Jobcentre Plus employees have been advised to tell people looking for work to hide mental health issues with terms such as “low mood”.
A jobseeker in Dorset posted a leaflet online that he had been given at his local job centre. It suggests that jobseekers produce a “positive health statement” during the recruitment process, avoiding disclosing diagnoses such as myalgic encephalomyelitis (ME) or depression.
The leaflet said: “You may wish to avoid terms such as depression, ME or low back pain and use more general terms such as low mood or a mental health condition, a fatigue-related condition, an ongoing pain condition etc.”
Disability and recruitment
Mental health charity Mind criticised the advice, highlighting how legislation provides protection for those with both physical and mental health problems if they have a substantial effect on their normal daily activities.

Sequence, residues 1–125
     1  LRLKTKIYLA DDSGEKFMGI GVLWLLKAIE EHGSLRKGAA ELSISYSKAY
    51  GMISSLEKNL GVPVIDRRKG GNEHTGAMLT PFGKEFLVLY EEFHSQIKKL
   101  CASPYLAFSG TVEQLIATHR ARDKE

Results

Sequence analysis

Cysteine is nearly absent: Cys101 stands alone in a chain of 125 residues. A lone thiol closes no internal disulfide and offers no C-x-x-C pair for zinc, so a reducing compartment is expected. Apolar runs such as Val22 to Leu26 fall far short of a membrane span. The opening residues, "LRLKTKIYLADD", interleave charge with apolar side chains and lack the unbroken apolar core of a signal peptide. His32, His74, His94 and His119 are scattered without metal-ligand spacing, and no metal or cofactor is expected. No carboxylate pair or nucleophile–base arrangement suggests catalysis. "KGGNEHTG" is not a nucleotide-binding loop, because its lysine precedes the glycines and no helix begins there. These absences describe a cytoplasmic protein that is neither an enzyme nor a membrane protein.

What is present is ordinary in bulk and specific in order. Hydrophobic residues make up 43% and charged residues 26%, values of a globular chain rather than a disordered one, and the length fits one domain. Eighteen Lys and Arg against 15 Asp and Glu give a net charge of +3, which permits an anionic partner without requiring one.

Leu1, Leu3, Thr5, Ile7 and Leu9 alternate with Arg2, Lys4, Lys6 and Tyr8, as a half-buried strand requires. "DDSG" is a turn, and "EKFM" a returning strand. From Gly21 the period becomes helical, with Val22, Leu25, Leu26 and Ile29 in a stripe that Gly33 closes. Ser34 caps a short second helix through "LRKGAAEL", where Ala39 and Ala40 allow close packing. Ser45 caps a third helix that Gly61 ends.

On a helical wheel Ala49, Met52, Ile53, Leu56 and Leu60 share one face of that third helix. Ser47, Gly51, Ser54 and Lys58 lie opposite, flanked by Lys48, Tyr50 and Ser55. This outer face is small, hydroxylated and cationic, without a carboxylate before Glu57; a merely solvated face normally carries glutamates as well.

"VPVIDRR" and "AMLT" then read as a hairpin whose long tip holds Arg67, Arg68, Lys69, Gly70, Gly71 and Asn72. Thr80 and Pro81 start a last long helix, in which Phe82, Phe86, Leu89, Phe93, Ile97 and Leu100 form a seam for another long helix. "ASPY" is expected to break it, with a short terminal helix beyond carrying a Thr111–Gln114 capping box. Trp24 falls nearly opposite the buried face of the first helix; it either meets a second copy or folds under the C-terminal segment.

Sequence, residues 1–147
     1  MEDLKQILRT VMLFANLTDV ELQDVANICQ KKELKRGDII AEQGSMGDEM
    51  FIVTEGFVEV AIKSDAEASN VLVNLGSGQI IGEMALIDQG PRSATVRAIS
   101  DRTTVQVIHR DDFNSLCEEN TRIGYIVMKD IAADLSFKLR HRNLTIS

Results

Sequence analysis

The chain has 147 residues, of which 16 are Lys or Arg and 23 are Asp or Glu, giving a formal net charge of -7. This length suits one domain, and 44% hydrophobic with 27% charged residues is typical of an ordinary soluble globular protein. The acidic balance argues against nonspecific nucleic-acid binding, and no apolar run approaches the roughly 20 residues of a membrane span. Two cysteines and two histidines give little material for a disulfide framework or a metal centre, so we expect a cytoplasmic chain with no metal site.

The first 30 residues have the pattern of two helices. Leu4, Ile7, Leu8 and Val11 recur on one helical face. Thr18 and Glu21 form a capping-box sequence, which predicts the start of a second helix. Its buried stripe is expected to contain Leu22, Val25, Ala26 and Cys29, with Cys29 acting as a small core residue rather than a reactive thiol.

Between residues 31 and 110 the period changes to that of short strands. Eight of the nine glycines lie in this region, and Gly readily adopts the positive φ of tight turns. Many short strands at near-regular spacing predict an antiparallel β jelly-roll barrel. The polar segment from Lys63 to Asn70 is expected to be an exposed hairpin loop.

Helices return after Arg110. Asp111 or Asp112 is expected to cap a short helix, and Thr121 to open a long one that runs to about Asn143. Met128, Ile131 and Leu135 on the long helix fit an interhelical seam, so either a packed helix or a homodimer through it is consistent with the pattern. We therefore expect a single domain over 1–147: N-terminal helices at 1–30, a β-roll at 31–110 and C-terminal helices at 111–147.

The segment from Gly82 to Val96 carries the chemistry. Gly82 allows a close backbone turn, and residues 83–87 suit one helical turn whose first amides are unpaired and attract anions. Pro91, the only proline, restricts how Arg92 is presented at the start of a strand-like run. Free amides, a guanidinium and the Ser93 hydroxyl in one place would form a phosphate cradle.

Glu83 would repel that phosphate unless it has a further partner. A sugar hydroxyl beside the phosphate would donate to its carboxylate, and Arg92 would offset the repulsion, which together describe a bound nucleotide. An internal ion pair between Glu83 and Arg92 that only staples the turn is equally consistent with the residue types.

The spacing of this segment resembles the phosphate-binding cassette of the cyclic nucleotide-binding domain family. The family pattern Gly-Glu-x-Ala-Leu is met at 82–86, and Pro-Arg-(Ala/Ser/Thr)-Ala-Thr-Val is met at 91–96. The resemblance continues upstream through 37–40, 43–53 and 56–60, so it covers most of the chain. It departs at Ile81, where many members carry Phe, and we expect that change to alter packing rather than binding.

“Anyone who discloses a mental health problem at work deserves to be treated with respect, and job centres should not be reinforcing stigma by advising people not to disclose,” said Ayaz Manji, a senior policy officer at Mind. “People with mental health problems have just as much to offer as anyone else in the workplace, and it’s right that this advice is being challenged.”
Shadow disabilities minister Marsha de Cordova also raised concerns about the wording of the document in the House of Commons yesterday. She said: “It can’t be right that a department is expecting people to downplay their disability or health condition.”
A spokesperson for charity Action for ME added that they were “outraged that people with ME are being told to keep quiet about the reality of their experience”. Around 250,000 people in the UK have the condition.
The Department for Work and Pensions responded to the criticism by explaining the document was “well-intentioned local advice”, which has now been removed. “We would always encourage jobseekers to speak freely about a health condition or disability,” a spokesperson added.
Under the Equality Act, employers should not ask a job applicant questions about their health before offering them employment, but they must make reasonable adjustments to accommodate job applicants with disabilities during the recruitment process.